Variety, the standard in Hollywood trade journalism for decades, has become the first victim in a war for a market niche that brings lots of bragging rights, but questionable rewards in a media day and age dominated by the Internet.
Penske Media Corp. and hedge fund backer Third Point, which owns Hollywood industry site deadline.com, was the purchaser. It picked up the publication for a bargain basement price, $25 million.
But in a telling sign of just how disruptive the market has become, Chief Executive Jay Penske, acknowledged to The Los Angeles Times that he has no idea at the moment how he plans to integrate the brand with his current operation.
“Before we make any substantial changes, we need to spend more time with the current team,” he told the newspaper. “We need more data.”
Variety and to a lesser extent its chief competitor, The Hollywood Reporter flourished during the golden age of Hollywood, when it was a resource for acting jobs and a source of inside info on studio machinations.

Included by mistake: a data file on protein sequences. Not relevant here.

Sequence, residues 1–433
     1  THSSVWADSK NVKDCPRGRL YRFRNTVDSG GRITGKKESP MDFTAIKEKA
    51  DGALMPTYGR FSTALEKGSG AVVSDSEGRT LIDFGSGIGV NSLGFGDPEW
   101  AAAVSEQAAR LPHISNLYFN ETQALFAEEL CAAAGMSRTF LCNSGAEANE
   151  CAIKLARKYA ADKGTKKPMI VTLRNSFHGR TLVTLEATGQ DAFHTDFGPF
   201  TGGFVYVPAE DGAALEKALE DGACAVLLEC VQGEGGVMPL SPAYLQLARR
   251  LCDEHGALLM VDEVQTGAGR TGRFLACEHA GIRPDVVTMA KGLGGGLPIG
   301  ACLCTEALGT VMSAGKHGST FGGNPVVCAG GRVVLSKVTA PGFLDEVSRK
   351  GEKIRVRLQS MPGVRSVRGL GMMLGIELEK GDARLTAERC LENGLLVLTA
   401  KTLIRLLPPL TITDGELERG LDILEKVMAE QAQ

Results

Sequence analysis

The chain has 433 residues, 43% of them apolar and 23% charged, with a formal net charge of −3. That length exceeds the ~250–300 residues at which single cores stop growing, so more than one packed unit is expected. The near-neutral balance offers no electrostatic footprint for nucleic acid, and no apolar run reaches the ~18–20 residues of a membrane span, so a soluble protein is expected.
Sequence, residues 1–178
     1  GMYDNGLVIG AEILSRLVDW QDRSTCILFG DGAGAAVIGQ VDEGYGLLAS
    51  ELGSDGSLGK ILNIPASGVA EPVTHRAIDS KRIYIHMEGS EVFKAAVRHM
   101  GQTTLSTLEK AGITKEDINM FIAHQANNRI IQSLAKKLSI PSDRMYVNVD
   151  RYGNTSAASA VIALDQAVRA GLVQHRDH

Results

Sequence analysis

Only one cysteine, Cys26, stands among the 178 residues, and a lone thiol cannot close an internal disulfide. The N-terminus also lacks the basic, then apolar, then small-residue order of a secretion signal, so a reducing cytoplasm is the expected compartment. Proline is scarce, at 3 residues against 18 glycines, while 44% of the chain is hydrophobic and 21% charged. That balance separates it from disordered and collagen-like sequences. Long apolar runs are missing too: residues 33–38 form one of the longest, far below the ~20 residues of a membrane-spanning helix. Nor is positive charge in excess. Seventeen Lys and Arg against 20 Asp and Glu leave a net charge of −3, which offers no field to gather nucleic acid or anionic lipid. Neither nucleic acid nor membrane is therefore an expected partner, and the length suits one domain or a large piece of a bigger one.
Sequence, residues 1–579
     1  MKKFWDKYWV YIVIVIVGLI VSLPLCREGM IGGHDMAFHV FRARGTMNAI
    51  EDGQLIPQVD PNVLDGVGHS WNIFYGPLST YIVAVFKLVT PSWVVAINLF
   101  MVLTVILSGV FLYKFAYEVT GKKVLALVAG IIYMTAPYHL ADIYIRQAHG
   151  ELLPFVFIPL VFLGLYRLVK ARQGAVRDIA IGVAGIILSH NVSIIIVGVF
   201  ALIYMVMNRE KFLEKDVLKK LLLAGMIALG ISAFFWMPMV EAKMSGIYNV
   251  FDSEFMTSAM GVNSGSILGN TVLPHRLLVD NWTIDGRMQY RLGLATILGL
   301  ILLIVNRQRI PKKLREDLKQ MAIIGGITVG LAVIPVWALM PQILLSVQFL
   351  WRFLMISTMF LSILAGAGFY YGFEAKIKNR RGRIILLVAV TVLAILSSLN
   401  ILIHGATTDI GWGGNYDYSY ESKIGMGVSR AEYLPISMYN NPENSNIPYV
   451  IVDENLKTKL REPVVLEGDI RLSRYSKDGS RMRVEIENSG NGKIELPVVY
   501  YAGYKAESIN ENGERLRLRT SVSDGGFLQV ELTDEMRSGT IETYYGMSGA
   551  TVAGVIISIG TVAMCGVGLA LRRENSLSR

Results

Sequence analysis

But it’s biggest source of advertising was always tied to the award shows, especially the Oscars. Studios sometimes spent millions of dollars on advertising to encourage voting members to pick their pictures. But tightening budgets, a break-down in the studio system, changes in voting for the Oscars and the rise of the Internet undercut the market.
Both Variety and The Hollywood Reporter were often accused of being in bed with the major studios, i.e. advertisers, which colored their coverage and undermined their credibility. That opened the door to upstarts like Nikki Finke, who launched her own Web site and offered no-holds-barred coverage of the industry six years ago and is considered a must read today.
As print lost relevance to the Internet, Variety and The Hollywood Reporter struggled with the transition. Both have held onto their print editions, five-day daily and weekly magazines, while developing an online presence.
Whether Variety, the more recognized brand, supplants deadline.com remains to be seen. Penske blamed the publication’s woes on “complacency,” although how true that is recently is debatable. He said he intends to make it “absolutely fundamental and indispensable.”
He told The Times he intends to operate deadline and Variety as distinct entities, but ultimately that may be impractical.